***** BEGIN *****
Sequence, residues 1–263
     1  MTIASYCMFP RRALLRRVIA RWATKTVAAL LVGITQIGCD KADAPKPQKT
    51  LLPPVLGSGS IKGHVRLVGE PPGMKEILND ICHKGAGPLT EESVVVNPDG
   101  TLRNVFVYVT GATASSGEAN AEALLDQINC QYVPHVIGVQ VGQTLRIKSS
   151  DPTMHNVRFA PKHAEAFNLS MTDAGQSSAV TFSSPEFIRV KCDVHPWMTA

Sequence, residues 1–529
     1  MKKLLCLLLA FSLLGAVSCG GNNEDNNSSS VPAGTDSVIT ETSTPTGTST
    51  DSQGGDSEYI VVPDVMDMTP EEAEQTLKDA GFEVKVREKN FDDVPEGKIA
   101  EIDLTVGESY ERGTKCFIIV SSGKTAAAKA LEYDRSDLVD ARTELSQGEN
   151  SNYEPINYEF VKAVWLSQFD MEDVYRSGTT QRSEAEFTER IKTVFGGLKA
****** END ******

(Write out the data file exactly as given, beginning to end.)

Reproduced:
Sequence, residues 1–263
     1  MTIASYCMFP RRALLRRVIA RWATKTVAAL LVGITQIGCD KADAPKPQKT
    51  LLPPVLGSGS IKGHVRLVGE PPGMKEILND ICHKGAGPLT EESVVVNPDG
   101  TLRNVFVYVT GATASSGEAN AEALLDQINC QYVPHVIGVQ VGQTLRIKSS
   151  DPTMHNVRFA PKHAEAFNLS MTDAGQSSAV TFSSPEFIRV KCDVHPWMTA

Sequence, residues 1–529
     1  MKKLLCLLLA FSLLGAVSCG GNNEDNNSSS VPAGTDSVIT ETSTPTGTST
    51  DSQGGDSEYI VVPDVMDMTP EEAEQTLKDA GFEVKVREKN FDDVPEGKIA
   101  EIDLTVGESY ERGTKCFIIV SSGKTAAAKA LEYDRSDLVD ARTELSQGEN
   151  SNYEPINYEF VKAVWLSQFD MEDVYRSGTT QRSEAEFTER IKTVFGGLKA